Davos 2019: Satya Nadella Says Ensuring Equitable Economic Growth Biggest Challenge

Microsoft’s Chief Executive Officer Satya Nadella said the next phase of globalisation needs to deliver an economic growth that is equitable for everyone so that there are no places with people without food and there are no refugees in camps. Addressing a plenary session on “Shaping Globalisation 4.0” at the WEF Annual Meeting along with other co-chairs of the summit, the Indian-origin business leader said a real need all have today as a global community is to drive the economic growth that has stalled.

“We need to get back to the core challenge of economic growth. This next phase of globalisation needs to deliver economic growth so that it is equitable. We have a dual challenge going forward,” he said. Nadella said the fourth industrial revolution also needs to deliver on technology and innovation that can drive economic growth.

Juan David Aristizabal, president and co-founder of Los Super, talked about this youth in Colombia, which opened his eyes to the fact that the country needs to open its eyes to a sustainability mindset.

Aristizabal, who works to engage young people with the skills they would need for the future, acknowledged the “learning crisis”, a problem in the education system. “When we are talking about the global situation, we have to understand we have to fix the learning system, the education system. If that is not fixed there will be a huge humanitarian crisis,” he noted.

Julia Luscombe said she recognises the privileges she has had growing up in the U.S. but that she also saw deep-seated inequities growing Feeding America, her organisation, serves 40 million people in the U.S. facing hunger and food insecurity, which is a pressing issue across the world, she said.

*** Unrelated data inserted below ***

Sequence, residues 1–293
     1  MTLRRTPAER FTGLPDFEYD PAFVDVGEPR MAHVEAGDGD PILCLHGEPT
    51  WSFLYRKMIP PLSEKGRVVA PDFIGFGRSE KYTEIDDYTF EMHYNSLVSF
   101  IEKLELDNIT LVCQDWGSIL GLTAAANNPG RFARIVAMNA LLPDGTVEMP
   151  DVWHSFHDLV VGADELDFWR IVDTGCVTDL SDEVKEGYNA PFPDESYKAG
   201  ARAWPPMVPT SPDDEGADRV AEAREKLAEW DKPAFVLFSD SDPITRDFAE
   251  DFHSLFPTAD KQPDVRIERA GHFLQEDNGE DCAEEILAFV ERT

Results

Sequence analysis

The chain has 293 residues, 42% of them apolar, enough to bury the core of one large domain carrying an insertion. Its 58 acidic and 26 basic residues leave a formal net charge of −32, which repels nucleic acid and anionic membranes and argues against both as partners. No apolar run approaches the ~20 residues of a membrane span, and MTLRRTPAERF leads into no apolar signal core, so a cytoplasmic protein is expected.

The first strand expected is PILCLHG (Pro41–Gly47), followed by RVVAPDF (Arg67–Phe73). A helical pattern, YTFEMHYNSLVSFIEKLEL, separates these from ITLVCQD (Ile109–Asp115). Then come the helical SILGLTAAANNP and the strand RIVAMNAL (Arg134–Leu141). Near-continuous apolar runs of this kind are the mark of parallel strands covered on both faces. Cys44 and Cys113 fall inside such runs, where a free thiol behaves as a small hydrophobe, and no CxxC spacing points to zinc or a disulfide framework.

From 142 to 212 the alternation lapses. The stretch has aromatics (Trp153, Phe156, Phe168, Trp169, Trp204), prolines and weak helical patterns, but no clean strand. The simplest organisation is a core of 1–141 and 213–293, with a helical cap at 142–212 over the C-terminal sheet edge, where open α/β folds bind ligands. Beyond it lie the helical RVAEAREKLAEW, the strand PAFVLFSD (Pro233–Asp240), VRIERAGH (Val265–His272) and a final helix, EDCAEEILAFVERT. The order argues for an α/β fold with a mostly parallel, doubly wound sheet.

She also called for a more equitable future to make sure everyone has the food they need to thrive, Akira Sakano said she comes from a small town in Japan, which suffers from young people leaving in droves. Her town has committed to becoming “zero waste” by 2020.
Mohammed Hassan Mohamud said he is a refugee from Kakuma refugee camp in Kenya. He has been there for more than 20 years of his life and lives there with 1.85 lakh other refugees from 10 different nationalities. He is zonal chairman, Kakuma Refugee Camp. He asked would his siblings have to grow up in a refugee camp. “I don’t think it is fair and I shouldn’t have to beg for a home… We are not asking for much. I’m just looking for a place to call home,” he said. Other co-chairs are Basima Abdulrahman, founder and chief executive officer of KESK Green Building Consulting, Akira Sakano, chair, Board of Directors of Zero Waste Academy Japan, and Noura Berrouba, member of the Governing Body of European Youth Parliament.
It’s not just trade. Credit Suisse CEO Tidjane Thiam called politics the biggest risk for 2019 amid mounting populism. The U.S. government shutdown is having a “big impact on the economy,” said David Rubenstein of the Carlyle Group. Italy got admonished by European policy makers for its anti-EU rhetoric: “Changing Europe is one thing, destroying Europe is another thing,” said EU Commissioner Pierr

With President Donald Trump absent, the world circled the wagons against his attacks on the international order. “A global architecture will only work if we’re capable of compromise,” said German Chancellor Angela Merkel. But Secretary of State Michael Pompeo cheered disruptions taking place as a “positive development.”


European banks came under pressure to consolidate. With scale everything, UBS Chairman Axel Weber said mergers are needed although he cautioned that obstacles remain in a region still fragmented along national borders. “In the end there’s always a nationalist pride of having a national champion or a series of national champions,” said Citigroup CEO Michael Corbat. Bank of America.

This year’s annual meeting was ostensibly about “Globalization 4.0,” or what many see as a new digital wave in which data and services increasingly replace physical goods. But delegates still appeared perplexed about how to deal with a political backlash against globalization in wealthy countries. “When people say globalization is not benefiting us they are often telling.

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